Written and directed by Pedro Almodóvar
Parallel Mothers (Madres paralelas) is the latest film from prolific Spanish writer-director Pedro Almodóvar (born 1949). It features Penélope Cruz, Milena Smit, Israel Elejalde and Aitana Sánchez-Gijón.
Photographer Janis Martinez (Cruz), in her early 40s, and Ana Manso (Smit), two decades younger, find themselves alone together in the maternity ward. They deliver babies, both girls, the same day. Janis and Ana are both single mothers. The father of Janis’s baby, Arturo (Elejalde), is married to a woman with cancer, and Janis has accepted sole responsibility for raising their daughter. Ana’s pregnancy was the result of coerced, unwilling sex at the hands of a schoolmate. One birth was a happy “accident,” the other unhappy.
Janis (named after singer Janis Joplin) is the child of bohemian parents, Ana’s are quite conservative. The latter’s mother is a self-involved actress, Teresa (Sánchez-Gijón), who goes on tour shortly after Ana gives birth (“This could be a turning point in my career”).
Janis came to know Arturo, a forensic archaeologist with a non-profit foundation, during a photo shoot. She requested that his organization excavate mass graves in her native village where her great-grandfather and others were buried after being murdered by fascist-Francoist forces during the Spanish Civil War (1936-1939).
When Arturo, with whom Janis has broken all contact, finally has a chance to see his child, he exclaims quite emphatically, “The baby’s not mine.” Janis protests, “Why would I lie?” But a maternity test, whose results she keeps to herself, proves that indeed she is not the biological mother.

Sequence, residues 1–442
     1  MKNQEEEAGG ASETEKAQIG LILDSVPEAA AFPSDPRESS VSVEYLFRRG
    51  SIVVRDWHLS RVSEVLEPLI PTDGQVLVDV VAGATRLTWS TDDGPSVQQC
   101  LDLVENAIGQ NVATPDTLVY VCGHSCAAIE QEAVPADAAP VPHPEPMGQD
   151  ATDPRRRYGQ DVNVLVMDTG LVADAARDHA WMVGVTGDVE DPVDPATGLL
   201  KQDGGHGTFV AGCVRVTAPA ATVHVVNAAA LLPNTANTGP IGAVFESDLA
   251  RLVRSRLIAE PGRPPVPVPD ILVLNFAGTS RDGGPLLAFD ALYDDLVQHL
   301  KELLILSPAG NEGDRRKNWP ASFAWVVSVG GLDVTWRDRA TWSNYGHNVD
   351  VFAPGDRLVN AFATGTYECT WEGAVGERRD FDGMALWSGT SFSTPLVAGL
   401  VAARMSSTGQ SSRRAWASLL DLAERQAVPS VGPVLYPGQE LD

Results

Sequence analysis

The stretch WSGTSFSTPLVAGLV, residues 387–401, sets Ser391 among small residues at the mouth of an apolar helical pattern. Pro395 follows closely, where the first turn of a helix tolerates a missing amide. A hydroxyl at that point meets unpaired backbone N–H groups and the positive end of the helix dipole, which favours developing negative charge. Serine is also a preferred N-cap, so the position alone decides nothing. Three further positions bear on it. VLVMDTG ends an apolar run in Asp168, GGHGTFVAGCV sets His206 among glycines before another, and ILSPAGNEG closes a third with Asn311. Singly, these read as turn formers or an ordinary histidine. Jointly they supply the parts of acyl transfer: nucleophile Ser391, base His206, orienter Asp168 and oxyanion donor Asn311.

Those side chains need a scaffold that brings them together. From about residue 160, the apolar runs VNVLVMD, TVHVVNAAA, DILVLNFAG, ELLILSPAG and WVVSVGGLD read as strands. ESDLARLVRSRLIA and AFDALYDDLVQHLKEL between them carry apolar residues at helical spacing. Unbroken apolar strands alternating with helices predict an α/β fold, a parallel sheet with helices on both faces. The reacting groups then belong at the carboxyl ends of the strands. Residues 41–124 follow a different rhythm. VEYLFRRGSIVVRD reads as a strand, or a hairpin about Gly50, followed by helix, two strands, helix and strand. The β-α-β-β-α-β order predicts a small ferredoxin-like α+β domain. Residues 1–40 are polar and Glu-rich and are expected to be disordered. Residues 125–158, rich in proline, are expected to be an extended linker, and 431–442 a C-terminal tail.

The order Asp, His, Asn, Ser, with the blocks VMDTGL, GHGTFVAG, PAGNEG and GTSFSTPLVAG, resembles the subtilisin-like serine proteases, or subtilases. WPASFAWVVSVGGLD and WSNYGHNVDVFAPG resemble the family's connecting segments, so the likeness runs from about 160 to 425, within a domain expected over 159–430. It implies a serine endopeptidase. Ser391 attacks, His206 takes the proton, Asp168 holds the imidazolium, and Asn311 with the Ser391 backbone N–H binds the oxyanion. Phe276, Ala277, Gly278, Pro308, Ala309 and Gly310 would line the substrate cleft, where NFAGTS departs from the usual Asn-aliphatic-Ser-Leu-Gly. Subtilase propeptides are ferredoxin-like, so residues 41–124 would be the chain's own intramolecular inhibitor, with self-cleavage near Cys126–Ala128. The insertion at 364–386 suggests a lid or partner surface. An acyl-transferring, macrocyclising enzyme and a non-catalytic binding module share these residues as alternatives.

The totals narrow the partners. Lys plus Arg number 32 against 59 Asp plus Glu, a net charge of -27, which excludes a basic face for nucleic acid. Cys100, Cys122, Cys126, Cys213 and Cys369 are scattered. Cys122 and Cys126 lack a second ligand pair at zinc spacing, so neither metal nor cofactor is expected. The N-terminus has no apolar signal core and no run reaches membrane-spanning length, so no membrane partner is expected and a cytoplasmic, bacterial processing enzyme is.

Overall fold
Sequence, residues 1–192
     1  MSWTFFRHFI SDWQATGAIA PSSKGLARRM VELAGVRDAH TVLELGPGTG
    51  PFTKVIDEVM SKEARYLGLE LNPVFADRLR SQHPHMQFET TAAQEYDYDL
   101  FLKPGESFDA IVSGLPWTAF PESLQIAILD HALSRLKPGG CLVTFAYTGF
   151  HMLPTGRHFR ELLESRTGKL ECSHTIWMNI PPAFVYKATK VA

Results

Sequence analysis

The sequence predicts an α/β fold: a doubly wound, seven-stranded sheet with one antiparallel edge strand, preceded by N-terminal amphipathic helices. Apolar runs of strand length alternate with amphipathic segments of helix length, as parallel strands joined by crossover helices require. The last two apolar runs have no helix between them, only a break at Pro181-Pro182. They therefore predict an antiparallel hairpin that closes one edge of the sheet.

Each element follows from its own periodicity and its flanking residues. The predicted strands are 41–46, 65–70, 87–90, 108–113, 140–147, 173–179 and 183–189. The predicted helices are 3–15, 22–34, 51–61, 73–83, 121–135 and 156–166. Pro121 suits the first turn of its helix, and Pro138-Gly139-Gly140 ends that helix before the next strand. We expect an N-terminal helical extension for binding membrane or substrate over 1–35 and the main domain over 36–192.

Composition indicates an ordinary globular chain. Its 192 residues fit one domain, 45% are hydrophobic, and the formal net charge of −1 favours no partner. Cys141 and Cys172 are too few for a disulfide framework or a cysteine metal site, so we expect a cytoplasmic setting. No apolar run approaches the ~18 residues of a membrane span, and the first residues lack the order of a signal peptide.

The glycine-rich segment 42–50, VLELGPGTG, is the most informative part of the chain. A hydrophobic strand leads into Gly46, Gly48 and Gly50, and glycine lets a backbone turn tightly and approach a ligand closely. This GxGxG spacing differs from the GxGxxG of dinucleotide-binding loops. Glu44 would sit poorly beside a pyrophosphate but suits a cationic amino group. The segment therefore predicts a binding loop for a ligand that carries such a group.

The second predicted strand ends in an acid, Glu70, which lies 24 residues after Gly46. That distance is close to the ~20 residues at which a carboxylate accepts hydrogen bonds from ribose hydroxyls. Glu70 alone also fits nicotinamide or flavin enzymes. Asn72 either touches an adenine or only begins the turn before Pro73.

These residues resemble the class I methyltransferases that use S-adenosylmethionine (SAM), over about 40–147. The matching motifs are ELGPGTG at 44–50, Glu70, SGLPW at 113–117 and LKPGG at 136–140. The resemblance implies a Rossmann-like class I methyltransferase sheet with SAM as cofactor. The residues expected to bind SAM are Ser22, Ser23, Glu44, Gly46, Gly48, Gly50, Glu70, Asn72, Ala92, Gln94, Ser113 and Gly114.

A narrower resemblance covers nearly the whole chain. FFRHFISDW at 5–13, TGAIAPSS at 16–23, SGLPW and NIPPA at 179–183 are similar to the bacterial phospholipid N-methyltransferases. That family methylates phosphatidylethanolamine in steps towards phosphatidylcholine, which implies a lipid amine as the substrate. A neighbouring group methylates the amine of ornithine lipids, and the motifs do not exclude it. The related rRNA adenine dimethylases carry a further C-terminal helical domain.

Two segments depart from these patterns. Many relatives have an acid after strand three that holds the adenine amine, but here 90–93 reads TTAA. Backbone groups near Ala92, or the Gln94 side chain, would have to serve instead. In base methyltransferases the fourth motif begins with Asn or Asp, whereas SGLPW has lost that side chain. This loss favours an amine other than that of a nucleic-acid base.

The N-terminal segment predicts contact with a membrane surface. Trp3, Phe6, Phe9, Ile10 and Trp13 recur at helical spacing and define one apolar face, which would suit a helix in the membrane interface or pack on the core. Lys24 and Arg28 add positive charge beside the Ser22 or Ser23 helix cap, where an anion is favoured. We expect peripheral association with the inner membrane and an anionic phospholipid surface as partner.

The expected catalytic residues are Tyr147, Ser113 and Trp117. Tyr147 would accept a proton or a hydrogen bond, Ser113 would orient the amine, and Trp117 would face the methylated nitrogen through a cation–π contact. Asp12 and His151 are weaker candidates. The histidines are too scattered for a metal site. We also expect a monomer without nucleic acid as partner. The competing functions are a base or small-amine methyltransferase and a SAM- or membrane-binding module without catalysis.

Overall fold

Meanwhile, Ana, now a waitress in a café and further estranged from her family, comes back into Janis’ life. Tragically, her infant daughter has died in her sleep, the victim of cot death. Janis asks Ana to come work for her as a nanny and housekeeper, offering her more money than she currently earns. The two become intimate.
Teresa visits and expresses shock that her daughter is now a “maid.” She complains, “That’s not why you studied.” Ana cuts her off, “I’m an adult. You go your way and I’ll go mine.”
When Arturo reappears with the good news that his foundation will carry out the excavation in Janis’ rural village, Ana becomes jealous of him and the project: “You’re obsessed with that pit.” Parroting the line of the Spanish right, she argues that such an operation will only “open old wounds.” Instead, people should “look to the future.” Janis rejects this angrily, pointing out to the younger woman that there are more than “100,000 missing” from the civil war. She explains, more patiently, that her generation has promised their mothers and grandmothers to carry out the exhumation work.
Janis also reveals a secret that sends Ana spinning off in a confused daze. Their reconciliation proves difficult.
The final sequences of Parallel Mothers take place in Janis’ home village. She listens to several accounts of the crimes carried out by fascist forces during the first months of the civil war. In one case, described by two women, three Falangists came for their relative. “He spent the night digging his grave.” The next night, the fascists came back for him. “He never returned.”